Wednesday, September 23, 2009

Vaux Le Vicomte, Continued

As promised, here's more about Vaux le Vicomte. Let's start with a shot from the top of the chateau's dome.

Le Nôtre took advantage of the natural change in grade and two nearby rivers to create a garden that is rich with water and seems to get bigger, and unfold in front of you, as you progress through the landscape. He amplified the natural slope by dropping grades even more as one advances closer to the grotto at the end of the central path.

Of course, when you first view the garden from the chateau, you don't realize the grade drops at all. The gravel paths appear to be a continuous, flat band extending towards the grotto, but in reality the paths step down.

Take a look two photos up -- see the grotto at the end of the central axis? It looks like it's at the same elevation of the chateau, right? But, progressing along the axis, you realize the grotto is much lower.

Even here you haven't really understood that a canal is present in the landscape. You see water, but assume it's another pool. That's because the canal widens into a square-shaped form when it is in front of the grotto. On either side of the grotto, the canal is narrower and thus not visible in the photo above.

The canal is a kilometer wide and is basically a constructed river. A brook fills the canal on one side and on the other, water spills over a weir and connects to a natural steam. (Sidenote: in order to out-do his work at Vaux le Vicomte, Le Nôtre made the Grand Canal at Versailles a mile long. Since the site for Versailles had been selected not by Le Nôtre but by Louis XIV, Le Nôtre had considerably more trouble routing water through those gardens and the Grand Canal.)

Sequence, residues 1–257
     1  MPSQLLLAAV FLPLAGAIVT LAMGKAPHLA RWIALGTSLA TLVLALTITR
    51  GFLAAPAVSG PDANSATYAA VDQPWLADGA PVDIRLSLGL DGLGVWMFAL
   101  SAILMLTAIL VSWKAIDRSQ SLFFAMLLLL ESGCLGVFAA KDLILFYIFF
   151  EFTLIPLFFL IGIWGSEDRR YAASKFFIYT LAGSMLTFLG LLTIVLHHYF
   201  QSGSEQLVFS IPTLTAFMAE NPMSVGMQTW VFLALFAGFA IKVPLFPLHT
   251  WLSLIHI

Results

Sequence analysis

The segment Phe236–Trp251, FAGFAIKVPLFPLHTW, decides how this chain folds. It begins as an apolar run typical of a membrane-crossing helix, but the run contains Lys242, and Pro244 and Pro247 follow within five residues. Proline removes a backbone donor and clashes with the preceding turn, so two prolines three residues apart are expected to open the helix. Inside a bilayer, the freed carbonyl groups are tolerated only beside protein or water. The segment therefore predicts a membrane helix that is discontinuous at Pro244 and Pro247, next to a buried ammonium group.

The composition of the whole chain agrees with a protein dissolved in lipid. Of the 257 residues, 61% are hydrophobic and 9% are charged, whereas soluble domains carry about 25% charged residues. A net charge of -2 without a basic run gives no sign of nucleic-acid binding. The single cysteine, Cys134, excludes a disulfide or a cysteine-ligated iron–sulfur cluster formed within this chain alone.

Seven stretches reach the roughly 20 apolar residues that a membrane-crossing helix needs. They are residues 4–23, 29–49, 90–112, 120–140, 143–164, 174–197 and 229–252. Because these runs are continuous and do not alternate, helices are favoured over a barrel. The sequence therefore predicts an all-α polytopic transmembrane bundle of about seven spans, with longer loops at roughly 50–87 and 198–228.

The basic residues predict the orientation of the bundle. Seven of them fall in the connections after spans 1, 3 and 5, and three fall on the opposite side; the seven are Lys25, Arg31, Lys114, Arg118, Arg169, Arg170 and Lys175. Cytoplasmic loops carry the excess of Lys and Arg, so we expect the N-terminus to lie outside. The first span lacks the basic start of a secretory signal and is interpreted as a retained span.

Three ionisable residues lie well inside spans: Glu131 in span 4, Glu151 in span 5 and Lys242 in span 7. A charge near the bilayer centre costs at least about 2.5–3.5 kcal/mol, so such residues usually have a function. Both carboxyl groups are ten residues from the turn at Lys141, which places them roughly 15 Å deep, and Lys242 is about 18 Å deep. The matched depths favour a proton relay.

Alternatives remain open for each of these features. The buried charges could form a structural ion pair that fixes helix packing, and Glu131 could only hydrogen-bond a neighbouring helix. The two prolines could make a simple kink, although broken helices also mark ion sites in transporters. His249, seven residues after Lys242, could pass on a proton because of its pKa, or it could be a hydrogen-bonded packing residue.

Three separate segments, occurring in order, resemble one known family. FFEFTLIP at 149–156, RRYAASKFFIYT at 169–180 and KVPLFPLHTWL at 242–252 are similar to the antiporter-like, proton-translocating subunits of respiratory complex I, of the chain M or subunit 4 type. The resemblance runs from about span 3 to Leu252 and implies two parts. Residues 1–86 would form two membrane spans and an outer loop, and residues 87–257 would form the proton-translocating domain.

Beyond the grotto, a green pasture cuts a swath through a forest of linden and horsechestnut (though this was all farmland or fill when the gardens were first built). A statue of Hercules stands in the centerline. You can imagine how massive this sculpture is, when you consider it's visible as a faint dot in your first view from the Chateau steps. (Full disclosure: I was running late so I never made it to the statue's base though you can see a shot of it here.)

And on your return to the building, a final piece of magic: Heading back to the Chateau, as you leave the canal behind you, you approach a body of water called the "Great Water Mirror." Here, you are more than 400 meters away from the Chateau and are at a considerably lower elevation. Yet, Le Nôtre (mathematician that he was) knew the water would be able to reflect the Chateau as if it were adjacent to the building. If you saw the picture below, you'd never assume the water was nearly a half kilometer away from the structure.

This is probably my longest blog post, ever. Hopefully it made sense to someone who hasn't visited this amazing place. I definitely recommend you visit, though check the website first as getting there is complicated. You take the SNCF train to Melun and on weekends and holidays you can get a shuttle bus to the Chateau. But, if you are a bad planner (ahem, like me), you are stuck taking a taxi for about 15 Euros each way, which is a bit pricey (damn exchange rate).

...Then again, when you consider the colossal scale of this magnificent place, the years of planning and construction, the almost-obsessive attention to detail and the two hundred plus years of upkeep, it only seems fair that one is a touch extravagant when planning one's arrival and departure!


Anonymous said...

Was he formally trained in mathematics or is math a common prerequisite for landscape architects? Or did he understand the grade, water reflection, etc simply from experience? Do you ever read biographies of LAs?

Enough questions. Great post!

Sally said...

All I can think of is the current trend in swimming pools with the infinity edge. This appears to have its roots in this period.

Not so modern afterall.

Sally said...
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Ms said...

Great photos and really good notes. I'd love to know if you have a book out, or have you been published in journals?